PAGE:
But Adityanath’s refusal – the video has since gone viral – has ensured that Modi’s effort for symbolic outreach to other communities gets mired in needless controversy.
Despite the fact that orthodox Muslims couldn’t care less for dargahs and mazars because they pay little heed to those deified in these shrines, Modi would be aware that perceptions matter on these matters.
It is evident that Adityanath did not accept the karakul cap because he does not wish to send ‘wrong’ message to his core constituency. The alacrity with which he refused the cap shows his clarity matches Modi’s in 2011. In contrast, the decision to visit Maghar and lay the foundation of the Sant Kabir Academy now reflects ambiguity in Modi’s mind. Besides having provided a venue to attack other parties and get his history wrong, what has been achieved by this visit is a matter to ponder for the prime minister and his team.
The incident also highlights the contradiction of wanting to the appear inclusive without playing along rituals which are part of this process. In any case, dargahs and mazars are revered by Hindus and Muslims alike and there is a long tradition of covering one’s head while paying obeisance either by wearing a cap or by draping the head with a scarf or even a handkerchief. The problem, however, is that after consistently shunning visible symbolism of inclusive embrace – the BJP likes to call this appeasement – Modi cannot overnight change tack.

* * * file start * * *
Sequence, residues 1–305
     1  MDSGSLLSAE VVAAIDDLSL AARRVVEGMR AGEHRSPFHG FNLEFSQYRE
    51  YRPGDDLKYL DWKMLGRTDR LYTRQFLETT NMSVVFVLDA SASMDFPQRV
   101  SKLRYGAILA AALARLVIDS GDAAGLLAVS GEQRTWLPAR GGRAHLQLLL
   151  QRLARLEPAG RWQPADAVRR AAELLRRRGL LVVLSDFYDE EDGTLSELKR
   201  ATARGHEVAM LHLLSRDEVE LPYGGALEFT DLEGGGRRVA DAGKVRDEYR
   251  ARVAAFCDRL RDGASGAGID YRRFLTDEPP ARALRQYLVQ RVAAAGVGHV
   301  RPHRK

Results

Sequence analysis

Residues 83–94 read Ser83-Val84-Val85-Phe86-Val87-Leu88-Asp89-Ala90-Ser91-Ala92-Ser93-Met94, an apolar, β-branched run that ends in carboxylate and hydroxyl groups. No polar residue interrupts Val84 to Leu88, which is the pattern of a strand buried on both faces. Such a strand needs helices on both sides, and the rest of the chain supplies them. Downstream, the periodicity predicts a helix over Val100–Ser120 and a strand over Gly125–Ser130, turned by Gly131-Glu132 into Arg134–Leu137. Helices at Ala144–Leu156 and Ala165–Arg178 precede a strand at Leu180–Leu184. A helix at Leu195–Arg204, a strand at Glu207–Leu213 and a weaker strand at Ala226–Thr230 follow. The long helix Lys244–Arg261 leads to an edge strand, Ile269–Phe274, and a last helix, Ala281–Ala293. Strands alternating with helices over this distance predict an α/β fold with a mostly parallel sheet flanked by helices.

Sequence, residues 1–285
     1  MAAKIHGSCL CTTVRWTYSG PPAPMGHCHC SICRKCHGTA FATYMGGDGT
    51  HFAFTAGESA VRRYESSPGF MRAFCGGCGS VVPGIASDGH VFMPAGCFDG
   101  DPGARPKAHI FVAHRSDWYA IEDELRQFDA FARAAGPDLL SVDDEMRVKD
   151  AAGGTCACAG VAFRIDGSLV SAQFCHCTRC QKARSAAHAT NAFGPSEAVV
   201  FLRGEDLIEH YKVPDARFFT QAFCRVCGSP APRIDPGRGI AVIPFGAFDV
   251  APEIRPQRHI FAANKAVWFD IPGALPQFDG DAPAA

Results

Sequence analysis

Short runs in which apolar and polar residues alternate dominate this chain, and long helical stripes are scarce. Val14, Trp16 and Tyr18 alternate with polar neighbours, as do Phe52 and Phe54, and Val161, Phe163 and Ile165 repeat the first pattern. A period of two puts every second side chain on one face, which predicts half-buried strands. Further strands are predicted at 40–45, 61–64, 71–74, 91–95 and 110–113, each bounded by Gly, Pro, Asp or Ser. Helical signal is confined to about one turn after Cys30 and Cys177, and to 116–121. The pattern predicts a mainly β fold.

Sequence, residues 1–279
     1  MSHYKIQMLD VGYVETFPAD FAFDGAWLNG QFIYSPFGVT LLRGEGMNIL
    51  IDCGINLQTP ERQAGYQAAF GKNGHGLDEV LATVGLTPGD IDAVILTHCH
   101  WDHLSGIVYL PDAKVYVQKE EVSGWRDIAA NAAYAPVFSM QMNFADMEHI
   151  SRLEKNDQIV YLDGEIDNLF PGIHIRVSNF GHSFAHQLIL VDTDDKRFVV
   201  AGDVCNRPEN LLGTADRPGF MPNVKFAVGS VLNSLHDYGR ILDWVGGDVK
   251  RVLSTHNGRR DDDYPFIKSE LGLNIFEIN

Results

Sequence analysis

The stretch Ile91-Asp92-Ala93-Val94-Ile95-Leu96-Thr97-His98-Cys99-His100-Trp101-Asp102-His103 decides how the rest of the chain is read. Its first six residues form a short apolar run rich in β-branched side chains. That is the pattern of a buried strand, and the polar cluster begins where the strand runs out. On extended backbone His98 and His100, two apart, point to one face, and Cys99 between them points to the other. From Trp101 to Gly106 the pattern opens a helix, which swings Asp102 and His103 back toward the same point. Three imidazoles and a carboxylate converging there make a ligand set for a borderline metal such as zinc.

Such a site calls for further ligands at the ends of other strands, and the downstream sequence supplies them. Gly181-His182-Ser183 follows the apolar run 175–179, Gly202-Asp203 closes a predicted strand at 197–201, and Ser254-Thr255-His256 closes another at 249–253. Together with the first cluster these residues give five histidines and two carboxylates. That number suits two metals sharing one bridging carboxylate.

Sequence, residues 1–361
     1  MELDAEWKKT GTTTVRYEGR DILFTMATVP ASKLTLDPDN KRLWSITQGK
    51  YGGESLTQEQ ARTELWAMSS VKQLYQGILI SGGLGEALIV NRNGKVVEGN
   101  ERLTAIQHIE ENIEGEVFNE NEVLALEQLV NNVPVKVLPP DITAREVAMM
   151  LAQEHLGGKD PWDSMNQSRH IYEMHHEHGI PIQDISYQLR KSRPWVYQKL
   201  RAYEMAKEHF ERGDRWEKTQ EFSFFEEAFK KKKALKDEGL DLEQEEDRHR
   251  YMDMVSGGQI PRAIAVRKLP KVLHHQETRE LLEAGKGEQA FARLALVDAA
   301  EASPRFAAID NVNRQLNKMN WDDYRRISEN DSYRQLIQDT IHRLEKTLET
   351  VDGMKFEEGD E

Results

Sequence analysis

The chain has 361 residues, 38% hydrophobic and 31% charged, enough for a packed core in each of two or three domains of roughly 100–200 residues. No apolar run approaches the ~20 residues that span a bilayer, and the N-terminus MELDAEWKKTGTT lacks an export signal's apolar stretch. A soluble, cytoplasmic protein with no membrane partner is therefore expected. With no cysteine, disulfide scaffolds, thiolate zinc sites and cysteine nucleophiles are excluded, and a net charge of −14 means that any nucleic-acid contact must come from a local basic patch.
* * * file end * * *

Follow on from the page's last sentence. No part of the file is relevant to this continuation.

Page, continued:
In his years as Gujarat chief minister, Modi discontinued the practice of hosting iftar parties and this has continued after he moved to Delhi. He has also repeatedly refused to discuss issues that are minority-centric separately, instead arguing that the sabka saath, sabka vikascredo is inclusive in character and reflective of his notion, or genuine, of secularism.
At the Maghar meeting, there was also an effort to co-opt Kabir within this government’s political worldview. The Minister of State for Culture, Mahesh Sharma, said Kabir’s life, words and deeds are “on the lines of the philosophy of Vasudhaiva Kutumbakam” and that in his legacy which united all sections of society, “we can easily find the message of Ek Bharat, Shrestha Bharat.” It is a different matter that academics who have studied Kabir from various perspectives, would squirm at such a claim.
It is almost ironical that the Adityanath’s video surfaced on the day when United States Ambassador to the United Nations, Nikki Haley, visited the Jama Masjid and Gurudwara Sisganj where she was seen even preparing food at the community kitchen or langar.
She also issued a statement on religious freedom. “We think freedom of religion is as important as freedom of rights and freedom of people,” she said. The statement apart, her demeanour appeared sensitive to the faiths of others.
There are several other ironies that surface in the wake of Modi’s embrace of Kabir. They show that despite outward championing of Kabir, Modi and his political fraternity will find a fundamental contradiction between their political vision and Kabir’s social radicalism, especially on the troublesome ‘two Cs’ – communalism and caste.